and old school or not, books are always a great way in learning, as long as you can hold a peaceful mind~

  4. Mark Dykeman says:

    It’s a valid point: there are so many free resources available through libraries that it’s astounding. We should all be supporting our local libraries more.

    Imaginative post!

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  6. Dave Peckens says:

    We visit the library at least once per week with our kids. I love the sarcasm in this post. Thanks for sharing.

  7. I used to love my local library. More books than I could read in a life time, and it didn’t cost me a dime.

  8. I haven’t been to a – what’s it called again? – library in years. Maybe since high school. No wait, I did go to vote within the last year. Anyhow, most people these days go to Barnes & Noble I suppose. If only libraries could start serving Starbucks, I’d imagine they’d be booming.

    All sarcasm aside, people have forgotten that libraries are FREE and have way more information than any Barnes & Noble. Thanks for reminding us! Great post.

  9. Hey Robert.

    That was a great story. I liked it. You represented libraries well.

    I go and get books from one library or the other at times. The library system we have in place around the world is appealing and enjoyable to use. To be young and in/using a library is wonderful, and to be old and in/using a library is wonderful, so that would signal that making use of our local library is the thing to do.

    The last book I read from the library was “The Narcissism Epidemic”.

  10. Agighindy says:

    Hi this is my first time here! I have learned a lot here, thank you for all your help!

  11. Marelisa says:

    When I was in law school in Washington, DC I would go to the Library of Congress all the time. Being in there just makes you feel like you have all the knowledge you could possibly want at your finger tips. I think it was Pablo Neruda who said that heaven must be a library. :-)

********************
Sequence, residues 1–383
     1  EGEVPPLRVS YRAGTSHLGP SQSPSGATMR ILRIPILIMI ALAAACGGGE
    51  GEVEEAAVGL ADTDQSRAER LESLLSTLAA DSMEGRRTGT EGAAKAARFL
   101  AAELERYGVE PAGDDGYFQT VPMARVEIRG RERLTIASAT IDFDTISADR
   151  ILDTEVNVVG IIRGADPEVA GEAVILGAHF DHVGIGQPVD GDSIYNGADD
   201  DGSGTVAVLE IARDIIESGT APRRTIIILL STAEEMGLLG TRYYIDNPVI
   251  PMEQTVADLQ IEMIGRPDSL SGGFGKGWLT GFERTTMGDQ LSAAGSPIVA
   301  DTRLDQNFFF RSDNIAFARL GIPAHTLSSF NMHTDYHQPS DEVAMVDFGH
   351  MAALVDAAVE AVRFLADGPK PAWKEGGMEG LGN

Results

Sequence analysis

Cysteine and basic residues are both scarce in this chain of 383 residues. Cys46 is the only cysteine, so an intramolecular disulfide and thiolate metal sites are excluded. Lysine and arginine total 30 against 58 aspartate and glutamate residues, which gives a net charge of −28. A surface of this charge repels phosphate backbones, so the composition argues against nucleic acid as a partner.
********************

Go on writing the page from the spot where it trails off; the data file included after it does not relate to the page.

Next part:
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  13. SoCal Girl says:

    Please be VERY aware that library funding is being SLASHED – CRASHED and BURNED nationwide – contact your folks in Washington, DC to stop the carnage. Learn more about libraries here – and HAPPY LIBRARY WEEK to all!!


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  16. Fawn says:

    In the midst of our economic time-bomb, the library provides the best bang for your … well, buck. Libraries are wonderful, but then I am a bit of a bookaholic.

    Another great resource is an online subject guide. These sites are collections of “good” information compiled and organized by real people–who often have academic affiliations. Here are two highly selective catalog sites in which you can search specific subjects:

    Oh what the hell, here’s another:

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  18. I am fully satisfied with the information of the post, it is really a good one. I have bookmarked to check out new stuff you post.

  19. The library is an amazing and underrated place. Sadly only children and OAP seem to go there nowadays. I check online if they have something in stock and they often have great books there.

  20. hey!

    haha, what a nice story, you would be a good writer, Sir!
    I remember such libraries full of audiobooks, I visited them when I was in London.
    So reading is absolutely phenomenal when it comes to self-education, but having a mentor develops your mind in a new direction- you meet a person with a new way of thinking, new perspectives…Meeting a person may be worth a thousand books:)

    have a great day

  21. I seldom go to the library after moving house because it had been so far. But with online I had to go to, because interNET is a library for me.

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  23. Thanks for the excellent blog post. I always enjoy to read about self improvement or similar things like that.